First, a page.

It has worked. Holden’s Warriors were 4-0 heading into their toughest test yet — and maybe of the season — Wednesday against Notre Dame Academy, the defending Division 1 state champs from Hingham.


Acton-Boxborough Regional is one of the teams that fell victim to the Warriors, and Colonials coach Scott Biron was left impressed with their ability to keep possession of the ball for extended periods of time. The team does not necessarily have as much raw talent as they have in past years, he said, but Holden has done well in terms of utilizing her players.

“In high school your biggest challenge is to put the kids in the right places,” Biron said. “It’s hard your first year, when you basically have no preseason.”

It does not hurt that Holden’s players are well aware of her credentials, from Division 1 collegiate coach to former high school All-American, when she occupied the cage for Warrior teams that consistently qualified for the state tournament.

There is even talk of a possible alumni game in which today’s Warriors hope they might get to see remnants of the latter on display. “She never really hops in and does the running drills,” Hullinger said. “But every once in a while she’ll pop in with her stick and we’re like, ‘Alright!’ ”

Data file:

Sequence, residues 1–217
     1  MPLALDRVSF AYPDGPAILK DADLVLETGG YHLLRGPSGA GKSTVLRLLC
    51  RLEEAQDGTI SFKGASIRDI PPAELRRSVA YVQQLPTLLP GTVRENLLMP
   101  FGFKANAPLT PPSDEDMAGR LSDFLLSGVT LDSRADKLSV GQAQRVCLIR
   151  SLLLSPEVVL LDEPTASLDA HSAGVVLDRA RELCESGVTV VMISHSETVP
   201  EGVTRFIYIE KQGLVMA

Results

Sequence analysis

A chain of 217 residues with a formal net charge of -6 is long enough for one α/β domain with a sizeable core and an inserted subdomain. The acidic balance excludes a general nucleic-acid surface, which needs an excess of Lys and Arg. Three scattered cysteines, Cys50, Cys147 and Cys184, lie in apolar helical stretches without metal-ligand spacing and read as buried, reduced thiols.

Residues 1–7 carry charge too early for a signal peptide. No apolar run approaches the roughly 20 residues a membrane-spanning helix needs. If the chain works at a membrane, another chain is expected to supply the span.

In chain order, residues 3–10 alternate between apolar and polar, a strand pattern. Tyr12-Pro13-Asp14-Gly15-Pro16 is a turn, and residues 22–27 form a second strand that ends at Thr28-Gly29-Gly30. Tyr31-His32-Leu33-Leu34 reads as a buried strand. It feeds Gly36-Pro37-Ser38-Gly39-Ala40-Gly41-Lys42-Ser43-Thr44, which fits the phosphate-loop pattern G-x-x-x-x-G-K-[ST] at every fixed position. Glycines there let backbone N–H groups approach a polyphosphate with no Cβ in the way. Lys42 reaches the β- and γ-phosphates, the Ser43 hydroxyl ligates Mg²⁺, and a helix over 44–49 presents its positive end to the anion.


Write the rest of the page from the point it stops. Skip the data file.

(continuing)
Guild is far and away the team’s statistical leader; she is tops in points (26, on 21 goals and five assists) and draws (14). But if this team wants to go anywhere — beyond last year’s sectional quarterfinal loss, for example — they know it will take a little more than that.

“I think passion, a willingness, a desire to just win and figure out a way to win,” Holden said. “I think there is sacrifice, willingness to sacrifice.

“The big thing with me that I want to see out of my teams is a real show of grit, toughness. And I’ve always felt like that’s something I prided myself on, and I certainly want to see that out of my teams. These guys are showing some of that.”

Wayland boys back to form

The Wayland High boys did not start their season quite how they planned: Two straight losses.

But since the second setback, an 11-10 overtime decision against Framingham on April 5, the Warriors have garnered a bit of momentum in the form of three straight wins, recapturing some of the form that pushed them to a 17-3 regular season last year.

Coach Joel Bates pegged Michael Connell as one of the upstart underclassmen in the early going. The defensive midfielder, playing with the varsity as a sophomore, has proven reliable on ground balls and crucial in the team’s transition offense.

Junior Cooper Archambault , according to Bates, has been the team’s top overall offensive player. He is typically good for a couple of goals per game, numbers similar to those of captain Roby Williams .

Williams, a second-team All-American last spring, got off to a slow start by his standards, however.

“He’ll come around. He’s always going,” Bates said of Williams. “He’s trying to carry the weight of the world on his shoulders. He’s maybe trying to do too much, but still putting in a few goals per game. He’ll always be a tough kid for other teams to alienate from our offense.”

Tim Healey can be reached at timothy.healey@ globe.com.